Science Center Objects

Numeric data mined from verbal logs, core or grab descriptions, shipboard notes, and photographic descriptions are classified as “parsed” data. Input data are maintained using the terms employed by the original researchers and are coded using phonetically sensible terms for easier processing by dbSEABED.

Most sediment descriptions consist of quantifiers, modifiers, and objects (qmO) and can be written as linear expressions:

q1*[m1]O1 + q2*[m2]O2 + q3*[m3]O3 ... = sample

In most cases the sediment fraction is the whole sample; the presence of rock, seaweed, and biota are recorded explicitly by the dbSEABED program.

In the example:

brown fine sand with abundant shells; seagrass and some pebbles; whiff of h2s

the dbSEABED coding is:

brn fne- snd wi_ab/ shls seagrs + som/ pbls; whif_of/ h2s

where "-" on modifiers points to modified object, and "/" on quantifiers points to the quantified object. The use of abbreviations helps distinguish data from metadata in the data files, and makes descriptions shorter, easier to process, and easily interpreted by humans.

The qmO coding for texture is then:

m(fne)O(snd) + q(wi_ab)O(shls) + q(som)O(pbls)

where the 'brown''seagrass' and 'h2s' are not shown because they are neutral for texture.

The textural objects are each assigned a grain size, which might be cast as Fuzzy Set Memberships if across a range of grain sizes (example: from "sandy gravel"), or may be a single size fraction percentage (Crisp Set; example: from "coarse sand").

The dbSEABED program assigns the 'sand' grain size as the median of grain sizes observed for sediments labeled simply as 'sand' (phi range -1 to 4, mean value 1.5 phi or 0.35 mm). Where a modifier is applied, the assigned grain size is adjusted; for example, 'fine sand' is assigned a mean grain size of 2.5 phi (0.18 mm).

'Shells' has a textural meaning; when used generically it is assigned a fine gravel mean grain size of -2 phi (4 mm). More specific citations (i.e., mollusks, shell debris) are assigned textural values based on the species and preservation. 'Pebble' is assigned a phi size of -3.5 (11.3 mm).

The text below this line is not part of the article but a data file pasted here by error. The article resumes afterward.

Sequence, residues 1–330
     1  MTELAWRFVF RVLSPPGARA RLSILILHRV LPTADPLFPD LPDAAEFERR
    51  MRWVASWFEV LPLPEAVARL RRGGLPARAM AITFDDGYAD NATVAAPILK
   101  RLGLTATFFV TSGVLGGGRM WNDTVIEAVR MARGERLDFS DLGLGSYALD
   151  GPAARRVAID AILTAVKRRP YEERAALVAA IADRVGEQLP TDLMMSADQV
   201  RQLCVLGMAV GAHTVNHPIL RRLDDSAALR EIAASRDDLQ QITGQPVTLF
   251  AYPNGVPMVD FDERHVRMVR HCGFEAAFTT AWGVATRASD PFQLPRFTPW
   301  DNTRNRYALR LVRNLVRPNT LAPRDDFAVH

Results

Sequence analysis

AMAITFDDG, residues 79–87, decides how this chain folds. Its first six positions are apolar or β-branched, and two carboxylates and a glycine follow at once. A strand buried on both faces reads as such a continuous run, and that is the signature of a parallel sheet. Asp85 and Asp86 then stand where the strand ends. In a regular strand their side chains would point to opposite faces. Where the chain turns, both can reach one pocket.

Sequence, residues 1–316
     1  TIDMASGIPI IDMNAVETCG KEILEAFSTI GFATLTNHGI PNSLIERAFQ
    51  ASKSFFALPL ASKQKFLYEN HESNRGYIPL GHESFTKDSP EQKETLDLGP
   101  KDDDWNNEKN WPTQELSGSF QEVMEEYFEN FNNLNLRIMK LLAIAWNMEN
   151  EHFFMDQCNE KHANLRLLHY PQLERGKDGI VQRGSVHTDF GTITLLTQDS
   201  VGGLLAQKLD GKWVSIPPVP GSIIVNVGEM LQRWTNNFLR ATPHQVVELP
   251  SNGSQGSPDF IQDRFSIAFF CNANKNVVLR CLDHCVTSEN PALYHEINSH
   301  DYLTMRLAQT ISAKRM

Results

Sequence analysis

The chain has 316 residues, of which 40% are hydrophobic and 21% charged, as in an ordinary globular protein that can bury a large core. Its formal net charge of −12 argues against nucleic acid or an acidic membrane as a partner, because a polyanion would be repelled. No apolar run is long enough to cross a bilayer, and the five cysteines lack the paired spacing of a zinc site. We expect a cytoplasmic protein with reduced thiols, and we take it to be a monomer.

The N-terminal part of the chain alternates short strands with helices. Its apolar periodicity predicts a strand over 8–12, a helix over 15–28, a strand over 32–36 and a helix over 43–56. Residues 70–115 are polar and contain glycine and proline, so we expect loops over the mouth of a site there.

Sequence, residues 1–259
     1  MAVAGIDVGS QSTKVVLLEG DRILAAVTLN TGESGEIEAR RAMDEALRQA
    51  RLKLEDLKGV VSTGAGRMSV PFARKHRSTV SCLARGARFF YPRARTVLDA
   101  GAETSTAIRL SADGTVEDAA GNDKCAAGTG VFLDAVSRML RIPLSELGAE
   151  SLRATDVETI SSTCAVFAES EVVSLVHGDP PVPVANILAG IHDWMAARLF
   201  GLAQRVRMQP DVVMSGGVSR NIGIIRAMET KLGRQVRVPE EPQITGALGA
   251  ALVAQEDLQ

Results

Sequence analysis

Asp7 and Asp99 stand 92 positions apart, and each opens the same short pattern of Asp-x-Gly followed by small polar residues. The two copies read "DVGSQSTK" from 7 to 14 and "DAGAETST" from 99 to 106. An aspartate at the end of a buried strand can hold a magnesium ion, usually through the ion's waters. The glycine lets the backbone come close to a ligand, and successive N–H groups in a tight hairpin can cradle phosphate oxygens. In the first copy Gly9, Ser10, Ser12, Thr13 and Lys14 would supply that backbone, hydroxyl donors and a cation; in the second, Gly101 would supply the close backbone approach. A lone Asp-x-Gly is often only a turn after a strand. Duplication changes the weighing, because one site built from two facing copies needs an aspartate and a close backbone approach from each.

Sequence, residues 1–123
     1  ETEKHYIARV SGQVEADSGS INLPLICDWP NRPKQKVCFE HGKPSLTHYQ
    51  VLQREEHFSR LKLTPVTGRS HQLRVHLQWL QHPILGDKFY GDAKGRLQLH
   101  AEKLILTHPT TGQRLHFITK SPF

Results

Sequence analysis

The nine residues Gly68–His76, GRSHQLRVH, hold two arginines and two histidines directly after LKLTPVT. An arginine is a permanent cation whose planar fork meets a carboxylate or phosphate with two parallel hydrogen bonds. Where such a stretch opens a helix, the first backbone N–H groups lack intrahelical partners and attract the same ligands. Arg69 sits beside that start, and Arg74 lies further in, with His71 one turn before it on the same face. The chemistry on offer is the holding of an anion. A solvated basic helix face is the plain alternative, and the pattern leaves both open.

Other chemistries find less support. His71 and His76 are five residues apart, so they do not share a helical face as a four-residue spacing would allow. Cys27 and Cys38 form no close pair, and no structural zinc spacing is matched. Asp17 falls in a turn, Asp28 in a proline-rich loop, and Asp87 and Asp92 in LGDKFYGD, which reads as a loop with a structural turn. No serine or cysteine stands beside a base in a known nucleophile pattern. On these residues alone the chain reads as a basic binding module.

Relative weighting within the equation occurs with the application of quantifiers. For example, in the equation above, the quantifiers 'abundant' and 'some' assign weights to the 'shell' and 'pebble' portions and adjust the memberships of the assigned phi grain sizes. The dbSEABED thesaurus (which includes the coding for words) assigns these as 0.5, and 0.3, respectively. The unquantified 'sand' is usually assigned a weight of 1.0.

The equation becomes:

1.0(2.5 phi) + 0.5(-2 phi) + 0.3(-3.5 phi)
(sand) +  (shells) +  (pebbles)

After normalization to 1, the 'sand''shell' and 'pebble' components have weights of 0.56, 0.28, and 0.17, respectively. For the standard textural classes, gravel ('shell + pebble') membership totals 0.44, sand 0.55, and mud 0.0. (Note: silt and clay proportions cannot be determined from visual descriptive data and are assigned as mud.) A grain-size mean can be calculated as 0.5 phi (0.73 mm).

The relative presence of 'shells', 'seagrass', and 'h2s' are approximated by the dbSEABED program in a similar fashion, and reported in the usSEABED dataset about seafloor components and features.

More information about the parsing of the dbSEABED program and its other functions can be found in the usSEABED data publications.